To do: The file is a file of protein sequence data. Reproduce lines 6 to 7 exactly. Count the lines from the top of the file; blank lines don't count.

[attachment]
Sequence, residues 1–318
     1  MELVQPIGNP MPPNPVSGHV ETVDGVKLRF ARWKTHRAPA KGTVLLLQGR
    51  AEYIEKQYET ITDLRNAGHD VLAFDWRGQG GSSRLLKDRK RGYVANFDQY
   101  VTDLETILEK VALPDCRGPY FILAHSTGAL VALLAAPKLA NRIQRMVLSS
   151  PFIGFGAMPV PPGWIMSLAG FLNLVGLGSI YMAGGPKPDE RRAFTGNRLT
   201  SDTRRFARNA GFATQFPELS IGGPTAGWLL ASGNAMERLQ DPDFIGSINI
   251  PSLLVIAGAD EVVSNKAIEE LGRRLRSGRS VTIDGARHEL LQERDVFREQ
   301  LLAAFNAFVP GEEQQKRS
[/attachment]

   201  SDTRRFARNA GFATQFPELS IGGPTAGWLL ASGNAMERLQ DPDFIGSINI
   251  PSLLVIAGAD EVVSNKAIEE LGRRLRSGRS VTIDGARHEL LQERDVFREQ